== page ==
An Investigation of Naturally Occurring Radioactive Materials in Oil and Gas Wells in New York State
This report presents the findings of the New York State Department of Environmental Conservation (NYSDEC) that New York State oil and gas production equipment and wastes are not significantly contaminated by naturally occurring radioactive materials (NORM). The concentrations of NORM found on oil and gas production equipment and wastes pose no threat to the public health and the environment. The research and analysis supporting this conclusion were performed in 1996. Direct measurements of the radioactivity at well sites were performed. Samples of scales, sludges, sediments, soils, water, rock, brines, waxes, and oils were taken and analyzed by gamma spectrometry.
The full report is available for download below.
- An Investigation of Naturally Occurring radioactive Materials (NORM) in Oil and Gas Wells in New York State (PDF, 2.1 MB)
Pulled 2" pipe at a recently plugged
and abandoned oil well. This is the
type of equipment sampled for NORM
NORM can be found in many geological formations and may be brought to the surface during oil/gas drilling and abstraction. Once at the surface it may accumulate in scales and sludges on and within drilling and processing equipment. It may also accumulate in brines and sediments within holding tanks or ponds.
During the 1980's, elevated concentrations of NORM were found on oil and gas mining equipment in the North Sea and in the Southern United States (Escott, 1984). This discovery generated concern in the United States and Europe. Elevated NORM concentrations may subject oil and gas workers to unnecessary radiation exposure. Concern was also raised about public exposure to people through the recycling of radioactively contaminated equipment or from the application of radioactive brines to roads for snow and ice removal.
In 1990, the New York State Department of Environmental Conservation Region 9 office performed an initial survey to determine if elevated concentrations of NORM existed at any of 17 western New York State oil and gas wells or on the related equipment. Using Geiger-Mueller (G-M) detectors for the survey, no significant contamination (defined as more than twice background levels) was found. The State of Pennsylvania found similar results during a 1994 NORM investigation of oil and gas well waste.
Drilling at the Avoca natural gas storage project, Steuben County, August, 1996.
The derrick on the left is at the deep disposal well no. 6. The derrick on the
right is at the shallow cavern well 3-A. Naturally occurring radioactive materials
(NORM) can be a concern at oil and gas drilling locations.
However, since the 1990 New York State investigation was limited (no samples were taken and only a small number of sites (17) were visited), the former Bureau of Pesticides and Radiation (BPR) planned a more extensive survey for 1996. This survey included a wider representation of New York State gas and oil fields and took physical samples to determine the actual concentration of the radionuclides involved.
Radiological Sampling and Surveying
The investigation was performed by the BPR with the assistance of staff from the Division of Mineral Resources (DMN) and the respective NYS DEC regional offices. The BPR staff made six different field excursions, each to a different geographic location, to sample and/or take selected survey instrument readings at a total of 74 oil and gas well sites. Sampling and limited radiological surveys were performed in the following counties: Madison, Erie, Genesee, Wyoming, Cattaraugus, Livingston, Ontario, Seneca, Cayuga, Tioga and Chautauqua. A total of 101 samples were collected by field staff for analysis at the BPR gamma spectroscopy unit in Albany, New York, and/or the BPR's contract laboratory. Samples included water, brines, separator pit sediments, pipe scales, soils adjacent to oil/gas operations, and scales and sludges from tank bottoms. Eleven soil and rock samples were taken from nearby areas to establish background concentrations. Twenty-nine samples were taken to search for oil well contamination, 59 to search for gas well contamination, and two samples were taken from a mixed oil and gas area.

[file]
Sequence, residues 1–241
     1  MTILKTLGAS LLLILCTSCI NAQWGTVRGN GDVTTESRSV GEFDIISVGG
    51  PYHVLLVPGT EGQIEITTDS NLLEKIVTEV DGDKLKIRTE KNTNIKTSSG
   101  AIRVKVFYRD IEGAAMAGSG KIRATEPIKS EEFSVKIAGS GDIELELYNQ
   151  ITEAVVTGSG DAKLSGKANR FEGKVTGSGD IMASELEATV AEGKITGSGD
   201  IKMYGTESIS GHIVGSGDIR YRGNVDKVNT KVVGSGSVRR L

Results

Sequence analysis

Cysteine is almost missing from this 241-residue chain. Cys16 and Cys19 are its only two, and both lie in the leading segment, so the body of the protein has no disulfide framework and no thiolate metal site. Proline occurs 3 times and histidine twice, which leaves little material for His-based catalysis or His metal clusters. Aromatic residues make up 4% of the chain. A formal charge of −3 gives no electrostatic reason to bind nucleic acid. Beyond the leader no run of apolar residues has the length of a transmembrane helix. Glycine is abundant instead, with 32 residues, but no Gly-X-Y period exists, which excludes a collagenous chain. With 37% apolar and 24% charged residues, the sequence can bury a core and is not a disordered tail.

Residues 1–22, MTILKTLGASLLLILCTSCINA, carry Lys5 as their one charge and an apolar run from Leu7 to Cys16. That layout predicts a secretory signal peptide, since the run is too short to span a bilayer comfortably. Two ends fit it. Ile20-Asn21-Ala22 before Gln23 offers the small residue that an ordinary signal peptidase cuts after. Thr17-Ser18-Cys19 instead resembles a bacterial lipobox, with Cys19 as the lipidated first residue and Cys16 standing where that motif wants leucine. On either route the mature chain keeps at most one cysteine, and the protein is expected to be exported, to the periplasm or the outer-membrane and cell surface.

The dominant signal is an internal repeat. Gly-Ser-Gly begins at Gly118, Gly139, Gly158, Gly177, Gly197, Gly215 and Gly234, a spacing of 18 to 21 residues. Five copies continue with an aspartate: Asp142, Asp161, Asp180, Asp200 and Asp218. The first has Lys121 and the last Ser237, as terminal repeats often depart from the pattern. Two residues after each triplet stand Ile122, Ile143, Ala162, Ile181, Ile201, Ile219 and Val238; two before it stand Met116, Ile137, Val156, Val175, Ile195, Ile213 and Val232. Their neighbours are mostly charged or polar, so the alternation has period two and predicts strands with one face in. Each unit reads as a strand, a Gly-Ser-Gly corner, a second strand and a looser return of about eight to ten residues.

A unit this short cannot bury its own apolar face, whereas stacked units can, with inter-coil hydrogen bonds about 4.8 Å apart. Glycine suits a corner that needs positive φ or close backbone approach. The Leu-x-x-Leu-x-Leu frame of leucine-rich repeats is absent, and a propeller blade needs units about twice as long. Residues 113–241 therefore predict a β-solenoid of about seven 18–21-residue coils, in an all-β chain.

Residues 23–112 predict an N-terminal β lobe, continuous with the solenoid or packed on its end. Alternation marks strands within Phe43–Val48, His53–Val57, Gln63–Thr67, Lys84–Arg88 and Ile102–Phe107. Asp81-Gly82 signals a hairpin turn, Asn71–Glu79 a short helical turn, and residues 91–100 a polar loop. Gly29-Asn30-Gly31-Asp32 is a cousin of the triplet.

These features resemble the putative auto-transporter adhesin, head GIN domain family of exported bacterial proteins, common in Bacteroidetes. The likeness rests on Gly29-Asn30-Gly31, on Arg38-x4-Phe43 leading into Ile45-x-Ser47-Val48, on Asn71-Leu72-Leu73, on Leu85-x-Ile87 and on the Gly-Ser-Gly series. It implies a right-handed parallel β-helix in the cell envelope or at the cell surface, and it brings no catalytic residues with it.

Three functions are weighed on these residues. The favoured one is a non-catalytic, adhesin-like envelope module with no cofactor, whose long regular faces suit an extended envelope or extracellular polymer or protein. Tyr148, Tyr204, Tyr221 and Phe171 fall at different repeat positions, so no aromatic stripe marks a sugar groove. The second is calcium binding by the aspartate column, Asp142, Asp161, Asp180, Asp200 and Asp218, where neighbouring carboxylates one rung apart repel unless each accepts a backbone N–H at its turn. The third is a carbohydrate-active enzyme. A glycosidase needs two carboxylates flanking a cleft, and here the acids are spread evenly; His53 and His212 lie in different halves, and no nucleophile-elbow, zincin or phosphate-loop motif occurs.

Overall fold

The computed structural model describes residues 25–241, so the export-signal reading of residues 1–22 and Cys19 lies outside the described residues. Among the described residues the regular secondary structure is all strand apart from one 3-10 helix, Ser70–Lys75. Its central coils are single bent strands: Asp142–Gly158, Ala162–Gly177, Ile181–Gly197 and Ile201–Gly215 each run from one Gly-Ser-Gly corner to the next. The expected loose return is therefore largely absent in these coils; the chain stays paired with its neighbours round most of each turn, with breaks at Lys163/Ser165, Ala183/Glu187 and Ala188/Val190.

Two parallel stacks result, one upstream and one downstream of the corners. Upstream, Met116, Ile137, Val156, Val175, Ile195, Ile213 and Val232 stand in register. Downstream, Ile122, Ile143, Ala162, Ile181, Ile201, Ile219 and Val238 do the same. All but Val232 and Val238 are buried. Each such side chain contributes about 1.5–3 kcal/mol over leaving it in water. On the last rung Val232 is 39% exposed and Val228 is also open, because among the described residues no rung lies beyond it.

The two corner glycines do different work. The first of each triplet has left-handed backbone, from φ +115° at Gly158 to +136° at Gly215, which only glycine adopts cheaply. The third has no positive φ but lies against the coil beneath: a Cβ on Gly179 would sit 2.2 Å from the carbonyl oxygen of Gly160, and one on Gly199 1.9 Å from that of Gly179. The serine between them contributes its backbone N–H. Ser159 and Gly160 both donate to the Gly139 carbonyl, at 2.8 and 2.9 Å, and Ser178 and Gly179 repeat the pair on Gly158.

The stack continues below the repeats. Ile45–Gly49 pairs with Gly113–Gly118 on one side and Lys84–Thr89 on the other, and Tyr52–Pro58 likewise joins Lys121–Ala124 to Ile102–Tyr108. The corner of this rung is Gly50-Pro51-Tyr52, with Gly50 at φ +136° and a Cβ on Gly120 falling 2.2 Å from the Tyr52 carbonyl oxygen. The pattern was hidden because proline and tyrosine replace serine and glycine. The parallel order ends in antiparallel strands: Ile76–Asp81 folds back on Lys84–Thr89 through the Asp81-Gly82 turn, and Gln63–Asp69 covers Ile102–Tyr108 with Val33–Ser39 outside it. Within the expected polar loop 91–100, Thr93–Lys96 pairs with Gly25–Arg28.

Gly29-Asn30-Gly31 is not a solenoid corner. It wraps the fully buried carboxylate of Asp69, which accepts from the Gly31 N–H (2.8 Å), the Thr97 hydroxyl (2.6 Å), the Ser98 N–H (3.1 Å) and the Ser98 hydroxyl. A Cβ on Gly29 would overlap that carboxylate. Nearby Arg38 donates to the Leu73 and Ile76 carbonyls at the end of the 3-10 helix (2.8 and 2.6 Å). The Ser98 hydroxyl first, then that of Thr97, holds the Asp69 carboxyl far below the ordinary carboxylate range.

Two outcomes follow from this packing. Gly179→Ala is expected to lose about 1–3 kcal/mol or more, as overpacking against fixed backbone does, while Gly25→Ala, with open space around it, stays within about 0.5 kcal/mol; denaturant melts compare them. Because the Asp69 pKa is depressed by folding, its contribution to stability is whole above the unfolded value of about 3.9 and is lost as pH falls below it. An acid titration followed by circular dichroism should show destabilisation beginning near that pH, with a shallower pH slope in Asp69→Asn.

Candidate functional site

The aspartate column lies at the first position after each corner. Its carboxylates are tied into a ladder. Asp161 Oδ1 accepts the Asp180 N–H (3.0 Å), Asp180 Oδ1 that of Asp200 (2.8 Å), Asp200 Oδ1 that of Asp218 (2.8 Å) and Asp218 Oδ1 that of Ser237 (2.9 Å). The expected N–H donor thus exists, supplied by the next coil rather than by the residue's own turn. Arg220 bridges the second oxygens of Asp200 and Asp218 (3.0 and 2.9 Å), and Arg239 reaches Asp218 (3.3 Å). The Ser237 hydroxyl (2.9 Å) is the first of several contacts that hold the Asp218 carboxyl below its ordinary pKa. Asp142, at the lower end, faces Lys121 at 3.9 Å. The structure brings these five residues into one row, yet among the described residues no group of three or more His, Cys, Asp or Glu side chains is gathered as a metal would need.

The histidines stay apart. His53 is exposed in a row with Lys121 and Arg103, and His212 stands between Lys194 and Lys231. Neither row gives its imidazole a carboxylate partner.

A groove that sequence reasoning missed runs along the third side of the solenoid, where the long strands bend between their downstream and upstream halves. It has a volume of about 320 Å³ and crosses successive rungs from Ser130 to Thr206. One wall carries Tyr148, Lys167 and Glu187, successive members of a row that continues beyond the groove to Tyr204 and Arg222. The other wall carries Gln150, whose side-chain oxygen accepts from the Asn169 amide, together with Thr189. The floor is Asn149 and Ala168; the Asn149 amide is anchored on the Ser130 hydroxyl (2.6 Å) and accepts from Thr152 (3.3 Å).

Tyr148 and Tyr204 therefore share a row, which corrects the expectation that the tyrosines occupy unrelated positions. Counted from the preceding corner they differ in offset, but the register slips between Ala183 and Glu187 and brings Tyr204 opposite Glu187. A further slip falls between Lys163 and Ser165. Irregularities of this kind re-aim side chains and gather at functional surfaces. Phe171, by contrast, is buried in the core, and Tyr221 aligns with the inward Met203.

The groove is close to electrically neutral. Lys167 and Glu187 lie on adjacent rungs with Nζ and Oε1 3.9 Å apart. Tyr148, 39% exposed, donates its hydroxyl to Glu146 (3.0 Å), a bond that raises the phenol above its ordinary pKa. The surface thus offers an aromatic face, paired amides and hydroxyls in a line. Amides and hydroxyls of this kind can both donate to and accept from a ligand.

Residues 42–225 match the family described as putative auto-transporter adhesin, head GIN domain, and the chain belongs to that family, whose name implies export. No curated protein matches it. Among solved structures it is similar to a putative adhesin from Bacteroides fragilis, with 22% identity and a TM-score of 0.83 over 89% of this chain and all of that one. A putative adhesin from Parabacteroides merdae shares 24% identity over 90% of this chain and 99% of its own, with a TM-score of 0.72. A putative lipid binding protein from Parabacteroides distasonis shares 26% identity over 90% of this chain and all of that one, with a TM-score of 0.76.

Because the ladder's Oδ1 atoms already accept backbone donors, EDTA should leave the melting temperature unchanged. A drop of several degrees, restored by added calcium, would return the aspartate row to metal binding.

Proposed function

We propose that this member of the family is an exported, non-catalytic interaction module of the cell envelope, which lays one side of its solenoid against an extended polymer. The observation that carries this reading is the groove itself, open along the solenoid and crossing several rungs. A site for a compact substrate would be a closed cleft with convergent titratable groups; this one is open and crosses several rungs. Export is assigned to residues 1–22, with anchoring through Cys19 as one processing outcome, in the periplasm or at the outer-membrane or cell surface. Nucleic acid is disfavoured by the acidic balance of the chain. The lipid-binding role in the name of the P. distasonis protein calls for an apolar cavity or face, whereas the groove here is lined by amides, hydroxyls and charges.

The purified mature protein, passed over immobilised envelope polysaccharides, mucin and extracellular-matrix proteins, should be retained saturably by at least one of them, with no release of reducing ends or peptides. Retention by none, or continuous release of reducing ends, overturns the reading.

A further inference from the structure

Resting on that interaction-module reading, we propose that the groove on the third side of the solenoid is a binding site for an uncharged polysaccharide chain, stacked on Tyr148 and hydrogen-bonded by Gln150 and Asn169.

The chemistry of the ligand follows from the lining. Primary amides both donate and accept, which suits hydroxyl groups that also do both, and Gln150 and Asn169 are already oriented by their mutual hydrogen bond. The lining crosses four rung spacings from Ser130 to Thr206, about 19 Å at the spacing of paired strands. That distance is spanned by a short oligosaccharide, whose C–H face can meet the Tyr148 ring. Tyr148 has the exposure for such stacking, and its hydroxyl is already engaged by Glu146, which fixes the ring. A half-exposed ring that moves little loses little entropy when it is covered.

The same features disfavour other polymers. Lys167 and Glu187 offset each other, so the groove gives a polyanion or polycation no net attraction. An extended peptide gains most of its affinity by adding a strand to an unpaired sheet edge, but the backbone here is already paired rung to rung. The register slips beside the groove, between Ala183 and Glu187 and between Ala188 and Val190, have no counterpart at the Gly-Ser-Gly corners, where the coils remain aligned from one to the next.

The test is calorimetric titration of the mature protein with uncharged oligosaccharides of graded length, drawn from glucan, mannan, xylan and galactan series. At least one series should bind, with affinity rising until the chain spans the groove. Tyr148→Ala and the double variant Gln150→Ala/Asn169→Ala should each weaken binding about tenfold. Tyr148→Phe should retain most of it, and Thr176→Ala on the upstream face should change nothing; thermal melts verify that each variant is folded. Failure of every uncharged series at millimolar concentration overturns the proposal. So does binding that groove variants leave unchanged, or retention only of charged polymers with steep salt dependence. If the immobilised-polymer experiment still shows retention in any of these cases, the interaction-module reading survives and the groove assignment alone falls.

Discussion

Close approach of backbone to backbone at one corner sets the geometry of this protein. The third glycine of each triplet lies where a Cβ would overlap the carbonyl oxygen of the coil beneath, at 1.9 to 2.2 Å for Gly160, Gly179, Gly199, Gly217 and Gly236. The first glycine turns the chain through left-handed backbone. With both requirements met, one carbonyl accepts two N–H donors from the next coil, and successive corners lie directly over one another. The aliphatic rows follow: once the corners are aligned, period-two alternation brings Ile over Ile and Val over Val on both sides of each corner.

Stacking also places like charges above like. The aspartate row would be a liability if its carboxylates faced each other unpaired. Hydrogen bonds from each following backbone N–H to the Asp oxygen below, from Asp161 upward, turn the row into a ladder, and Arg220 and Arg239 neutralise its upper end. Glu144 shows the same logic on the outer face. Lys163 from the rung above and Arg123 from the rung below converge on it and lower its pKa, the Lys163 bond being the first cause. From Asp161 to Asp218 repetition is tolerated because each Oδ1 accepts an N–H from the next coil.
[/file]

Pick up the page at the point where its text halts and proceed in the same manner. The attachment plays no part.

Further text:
Survey instrument readings were taken at well heads, pipe exteriors, tank exteriors, soil beneath drains and spigots, drainage pits, and ditches. The more efficient thallium activated sodium iodide [NaI(Tl)] detectors (with a 2"x2" probe for most investigations, a 1"x 1" probe for the remainder) were used in lieu of the G-M instruments employed in the previous survey. For comparison, background readings were taken near each selected survey site.
Samples were analyzed for 10 NORM isotopes. Radium-226 (Ra-226) and radium-228 (Ra-228) were of primary concern as these isotopes, due to their relative solubility, have been shown to accumulate in oil/gas production equipment and wastes. Ninety-one percent (71 out of 80) of samples from oil/gas equipment and wastes showed radium concentrations that were within twice the background concentration of local soils and rock. Background concentrations were found to average around 5 pCi/g total radium. (Total radium is defined as the sum of the radioactivity of Ra-226 and Ra-228.) No comparative background values existed for brines, oils, and waxes. Therefore the concentrations were judged solely on their radiological effects. The nine exceptions - three at gas well sites and six at oil well sites - are discussed below.